Home » Other » Fundamental



Release Date: 01.26.99 Web Homepage
Record label: MCA Records
Genre(s): Movies, Film Scores, Musicals, Etc.


A New Interpretation of "Horizontal Mambo"
by: bill aicher

Did you ever think it possible for a heart attack to be brought on by Latin salsa music? Well, now that golden opportunity can be yours with the new album from Puerto Rico's own Puya. This is music to traumatize your grandmother with.

The plan is simple. Inform Grandma Martha that you just found out about this great new group. They are a rock band, but she may appreciate the heavy Latin influences found therein. Once she agrees, toss in the disc, press play, and get the phone. Now is the time to call 911. While you are waiting for the ambulance to come cart her away, you can enjoy the music found on this album. It was, afterall, made for you, not a weak-hearted senior citizen.

Now that you are free to take listen to this album in peace, you can enjoy its original musical stylings. Puya has found the happy medium between Pantera and salsa; definitely nothing you have heard before. This is not to say it is good or bad, mostly interesting. The album's opening track "Oasis" is the hardest, setting a Latin vibe under a guitar crunch as thrashing as anything Deftones have ever done. "Montate" (meaning Get On It) is similar in style to a Korn track, but once again including the salsa beats that set this band apart from the rest.

The music slows down a bit after the "Montate." "Whatever" focuses more on the band's Latin influences than their rock. It is more of a groove song than a "thrash 'til you bleed" track. One of the coolest tracks on the album is "Keep It Simple," a track with heavy R&B influences. The slow and steady drumbeat in the back is coupled with an R&B guitar riff as well as violins, vibraphone, and a flute solo, yet never losing the salsa feel found throughout the rest of the album. The rest of the album consists of a return to their heavy sound.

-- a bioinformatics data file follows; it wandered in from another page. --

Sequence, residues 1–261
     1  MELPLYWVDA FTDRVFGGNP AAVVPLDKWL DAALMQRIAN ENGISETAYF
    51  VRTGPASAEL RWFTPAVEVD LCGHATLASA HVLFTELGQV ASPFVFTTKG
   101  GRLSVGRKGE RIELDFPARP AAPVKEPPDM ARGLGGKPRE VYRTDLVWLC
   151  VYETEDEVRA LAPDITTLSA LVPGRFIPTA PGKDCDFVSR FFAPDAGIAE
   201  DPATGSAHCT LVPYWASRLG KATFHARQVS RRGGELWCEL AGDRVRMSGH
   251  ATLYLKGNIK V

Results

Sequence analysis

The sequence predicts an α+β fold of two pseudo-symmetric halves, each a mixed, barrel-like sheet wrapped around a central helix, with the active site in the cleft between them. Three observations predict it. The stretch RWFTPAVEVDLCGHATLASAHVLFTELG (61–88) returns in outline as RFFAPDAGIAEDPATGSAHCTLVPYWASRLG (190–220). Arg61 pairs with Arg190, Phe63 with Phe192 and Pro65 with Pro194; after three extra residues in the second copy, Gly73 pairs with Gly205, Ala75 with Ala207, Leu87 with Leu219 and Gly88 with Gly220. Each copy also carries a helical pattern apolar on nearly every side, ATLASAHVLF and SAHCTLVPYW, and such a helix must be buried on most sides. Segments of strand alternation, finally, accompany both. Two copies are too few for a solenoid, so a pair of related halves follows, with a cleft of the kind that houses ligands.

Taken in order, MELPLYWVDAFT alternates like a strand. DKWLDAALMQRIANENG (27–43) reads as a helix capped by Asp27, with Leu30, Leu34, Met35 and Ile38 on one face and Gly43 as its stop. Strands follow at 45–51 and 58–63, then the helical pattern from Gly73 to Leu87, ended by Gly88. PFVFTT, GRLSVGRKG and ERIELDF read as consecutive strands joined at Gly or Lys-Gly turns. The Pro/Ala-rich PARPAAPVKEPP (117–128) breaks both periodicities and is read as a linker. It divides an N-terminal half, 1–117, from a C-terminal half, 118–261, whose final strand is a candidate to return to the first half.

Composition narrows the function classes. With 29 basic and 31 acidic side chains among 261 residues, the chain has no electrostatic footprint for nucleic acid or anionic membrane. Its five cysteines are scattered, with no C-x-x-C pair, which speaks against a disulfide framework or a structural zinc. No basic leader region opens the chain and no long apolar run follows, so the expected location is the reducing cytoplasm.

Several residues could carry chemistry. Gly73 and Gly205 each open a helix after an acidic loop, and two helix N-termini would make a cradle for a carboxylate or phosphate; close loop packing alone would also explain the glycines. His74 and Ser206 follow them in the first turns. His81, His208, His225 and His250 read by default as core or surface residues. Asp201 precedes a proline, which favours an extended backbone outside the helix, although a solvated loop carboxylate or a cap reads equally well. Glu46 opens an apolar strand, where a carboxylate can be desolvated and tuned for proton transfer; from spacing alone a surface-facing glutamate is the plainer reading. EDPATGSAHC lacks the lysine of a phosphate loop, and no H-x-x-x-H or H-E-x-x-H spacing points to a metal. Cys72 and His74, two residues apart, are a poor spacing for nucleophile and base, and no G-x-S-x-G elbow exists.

My only complaint is the problems I have understanding what it is that they are trying to say. Perhaps that is because I don't understand much Spanish - at least half of the album is in their native language. If you are into bands for their music alone, there is no problem for you with this disc. They are definitely a talented group of individuals. The fact that I can't understand most lyrics is unimportant. It doesn't change the fact that this album rocks. Any fan of Deftones, Korn, Limp Bizkit, or the like should definitely give them a listen. Besides, who, other than grandma, can resist some good old-fashioned death-mambo?